“The three drivers of all high-performing family offices are the human element, a cohesive team, and systematic processes. As high-performing family offices are able to provide all the expertise any particular individual or family requires, it’s all about understanding what is needed and wanted, having the network to get whatever is required, and doing so methodically.”

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By Cliff Oberlin, Chairman and CEO, Oberlin Wealth Management

Just about everyone, irrespective of wealth, is subject to taxes, and everyone will one day die. Notwithstanding the smartest legal maneuvering, many of the wealthiest families worldwide will either owe inheritance or estate taxes. To deal with these taxes, one of the most effective tools is life insurance.

According to Frank Seneco, President of Seneco and Associates, a leading life insurance specialist, “For very wealthy families, life insurance has two main advantages. One is the certainty of the death benefit. There is no question that at death there will be a specific amount of money available to the family to address taxes and other concerns. The other advantage is the cost-effectiveness of life insurance. When done well, life insurance for many very wealthy families is the best economical solution for these taxes.”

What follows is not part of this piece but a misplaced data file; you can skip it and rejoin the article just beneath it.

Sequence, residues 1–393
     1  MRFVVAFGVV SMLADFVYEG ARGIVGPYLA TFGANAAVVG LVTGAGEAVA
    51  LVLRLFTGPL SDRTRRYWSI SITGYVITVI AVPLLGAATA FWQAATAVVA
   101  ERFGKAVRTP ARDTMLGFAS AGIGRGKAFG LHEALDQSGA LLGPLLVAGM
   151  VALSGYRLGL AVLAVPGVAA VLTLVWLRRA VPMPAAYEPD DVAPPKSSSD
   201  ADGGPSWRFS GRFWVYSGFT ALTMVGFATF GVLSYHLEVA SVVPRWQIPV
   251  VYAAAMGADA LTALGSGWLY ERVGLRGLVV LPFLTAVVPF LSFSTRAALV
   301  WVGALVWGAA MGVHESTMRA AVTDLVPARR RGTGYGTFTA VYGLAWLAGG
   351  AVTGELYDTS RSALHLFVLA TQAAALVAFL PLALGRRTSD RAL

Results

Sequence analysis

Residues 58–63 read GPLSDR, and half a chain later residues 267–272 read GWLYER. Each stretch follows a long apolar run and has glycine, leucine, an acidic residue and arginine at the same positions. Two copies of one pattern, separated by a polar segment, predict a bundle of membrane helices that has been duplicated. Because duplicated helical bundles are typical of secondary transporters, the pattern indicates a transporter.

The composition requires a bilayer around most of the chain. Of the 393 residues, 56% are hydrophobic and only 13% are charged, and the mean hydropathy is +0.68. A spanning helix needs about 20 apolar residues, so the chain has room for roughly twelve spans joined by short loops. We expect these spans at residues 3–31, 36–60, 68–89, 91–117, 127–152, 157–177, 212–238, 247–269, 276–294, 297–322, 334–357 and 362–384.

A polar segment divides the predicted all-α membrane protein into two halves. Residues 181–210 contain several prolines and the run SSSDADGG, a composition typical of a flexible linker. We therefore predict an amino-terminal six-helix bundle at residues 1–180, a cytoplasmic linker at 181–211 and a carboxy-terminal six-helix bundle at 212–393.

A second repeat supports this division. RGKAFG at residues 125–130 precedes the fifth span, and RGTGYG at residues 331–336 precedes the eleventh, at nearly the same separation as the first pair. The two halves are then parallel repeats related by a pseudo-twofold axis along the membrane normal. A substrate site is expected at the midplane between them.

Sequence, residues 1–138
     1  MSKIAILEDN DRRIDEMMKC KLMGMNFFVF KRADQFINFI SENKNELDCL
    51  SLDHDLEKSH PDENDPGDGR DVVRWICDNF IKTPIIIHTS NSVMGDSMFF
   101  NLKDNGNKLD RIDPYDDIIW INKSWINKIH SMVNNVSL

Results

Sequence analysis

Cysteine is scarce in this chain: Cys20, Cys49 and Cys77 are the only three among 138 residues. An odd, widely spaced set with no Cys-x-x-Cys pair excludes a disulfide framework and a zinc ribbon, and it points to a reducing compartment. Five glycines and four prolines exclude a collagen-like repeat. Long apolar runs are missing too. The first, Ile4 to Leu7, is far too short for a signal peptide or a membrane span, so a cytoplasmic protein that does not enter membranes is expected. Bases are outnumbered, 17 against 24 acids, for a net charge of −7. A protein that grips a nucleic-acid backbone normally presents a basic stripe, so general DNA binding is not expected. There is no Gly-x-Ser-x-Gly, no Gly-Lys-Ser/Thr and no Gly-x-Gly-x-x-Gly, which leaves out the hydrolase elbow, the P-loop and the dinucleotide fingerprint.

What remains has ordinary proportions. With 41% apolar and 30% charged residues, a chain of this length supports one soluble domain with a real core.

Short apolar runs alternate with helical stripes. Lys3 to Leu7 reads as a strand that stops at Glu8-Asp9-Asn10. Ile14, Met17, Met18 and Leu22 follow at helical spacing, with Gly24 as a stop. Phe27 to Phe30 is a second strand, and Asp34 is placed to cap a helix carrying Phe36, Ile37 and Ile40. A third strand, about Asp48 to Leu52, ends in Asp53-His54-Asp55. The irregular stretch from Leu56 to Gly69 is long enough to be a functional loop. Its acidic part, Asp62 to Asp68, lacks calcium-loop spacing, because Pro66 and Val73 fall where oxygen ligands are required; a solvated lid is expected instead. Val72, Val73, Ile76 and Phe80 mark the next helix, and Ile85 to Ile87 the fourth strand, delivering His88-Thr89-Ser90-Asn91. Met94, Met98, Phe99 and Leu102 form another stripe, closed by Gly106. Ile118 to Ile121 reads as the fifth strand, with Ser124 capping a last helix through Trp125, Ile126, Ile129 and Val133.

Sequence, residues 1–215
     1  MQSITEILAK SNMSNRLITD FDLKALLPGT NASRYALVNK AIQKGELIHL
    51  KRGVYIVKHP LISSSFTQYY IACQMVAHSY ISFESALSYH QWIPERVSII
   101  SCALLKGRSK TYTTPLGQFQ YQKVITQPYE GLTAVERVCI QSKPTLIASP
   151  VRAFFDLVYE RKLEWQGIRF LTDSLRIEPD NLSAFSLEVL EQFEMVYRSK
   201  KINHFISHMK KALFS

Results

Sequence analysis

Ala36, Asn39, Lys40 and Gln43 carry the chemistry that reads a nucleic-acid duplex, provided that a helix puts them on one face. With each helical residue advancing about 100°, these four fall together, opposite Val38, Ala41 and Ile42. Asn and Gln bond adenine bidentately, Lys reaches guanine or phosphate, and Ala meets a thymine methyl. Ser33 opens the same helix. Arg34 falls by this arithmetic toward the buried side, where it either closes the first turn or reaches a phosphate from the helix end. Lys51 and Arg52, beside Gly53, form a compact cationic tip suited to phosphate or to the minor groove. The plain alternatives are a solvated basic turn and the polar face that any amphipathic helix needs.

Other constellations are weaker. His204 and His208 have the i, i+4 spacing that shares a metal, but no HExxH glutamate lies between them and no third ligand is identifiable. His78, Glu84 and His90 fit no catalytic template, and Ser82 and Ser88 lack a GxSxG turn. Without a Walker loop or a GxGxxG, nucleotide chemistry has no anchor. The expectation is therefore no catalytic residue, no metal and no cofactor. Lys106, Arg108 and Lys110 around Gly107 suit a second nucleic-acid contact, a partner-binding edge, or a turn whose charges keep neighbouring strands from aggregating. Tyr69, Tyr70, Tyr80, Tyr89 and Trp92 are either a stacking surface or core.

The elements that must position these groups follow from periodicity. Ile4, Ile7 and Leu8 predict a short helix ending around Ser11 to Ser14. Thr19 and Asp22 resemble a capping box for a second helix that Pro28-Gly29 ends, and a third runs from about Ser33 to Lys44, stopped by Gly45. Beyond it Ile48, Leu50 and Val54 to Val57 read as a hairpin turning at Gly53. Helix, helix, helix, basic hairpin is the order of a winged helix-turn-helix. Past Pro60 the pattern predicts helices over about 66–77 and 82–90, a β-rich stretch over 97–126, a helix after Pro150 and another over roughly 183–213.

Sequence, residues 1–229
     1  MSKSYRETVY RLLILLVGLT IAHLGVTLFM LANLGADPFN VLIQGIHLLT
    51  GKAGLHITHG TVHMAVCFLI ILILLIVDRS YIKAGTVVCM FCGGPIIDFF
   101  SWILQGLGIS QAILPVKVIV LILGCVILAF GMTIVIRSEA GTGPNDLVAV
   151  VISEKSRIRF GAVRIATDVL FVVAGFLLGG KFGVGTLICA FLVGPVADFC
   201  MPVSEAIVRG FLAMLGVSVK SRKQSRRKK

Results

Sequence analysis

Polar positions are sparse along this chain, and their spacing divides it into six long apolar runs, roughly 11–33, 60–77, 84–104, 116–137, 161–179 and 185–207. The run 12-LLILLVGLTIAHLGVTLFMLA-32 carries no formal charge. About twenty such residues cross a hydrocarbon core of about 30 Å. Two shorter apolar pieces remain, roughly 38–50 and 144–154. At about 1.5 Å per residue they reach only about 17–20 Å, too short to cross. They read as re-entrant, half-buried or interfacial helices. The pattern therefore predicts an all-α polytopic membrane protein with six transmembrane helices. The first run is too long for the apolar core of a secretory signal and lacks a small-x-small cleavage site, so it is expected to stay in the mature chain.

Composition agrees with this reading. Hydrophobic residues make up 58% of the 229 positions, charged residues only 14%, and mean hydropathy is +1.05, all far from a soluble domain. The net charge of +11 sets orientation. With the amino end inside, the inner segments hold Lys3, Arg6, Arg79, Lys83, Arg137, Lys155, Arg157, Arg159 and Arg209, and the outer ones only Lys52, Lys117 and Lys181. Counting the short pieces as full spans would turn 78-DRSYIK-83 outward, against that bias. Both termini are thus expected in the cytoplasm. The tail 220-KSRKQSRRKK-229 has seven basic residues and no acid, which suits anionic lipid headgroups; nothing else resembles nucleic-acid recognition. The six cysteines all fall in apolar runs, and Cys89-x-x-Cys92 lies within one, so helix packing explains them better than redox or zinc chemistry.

In working with extremely wealthy families the world over on addressing inheritance and estate taxes, a good place to start is by evaluating the quality and viability of their current life insurance.

“The complexity of the lives of the very wealthy often means that it’s smart to regularly gage if their existing life insurance effectively meets their needs,” says Rudi Eyl, President of Bremen Capital Group Family Office. “When we do this, we often find everything is good. However, when their life insurance portfolios are not made up of the best policies, adverse results can be very severe.”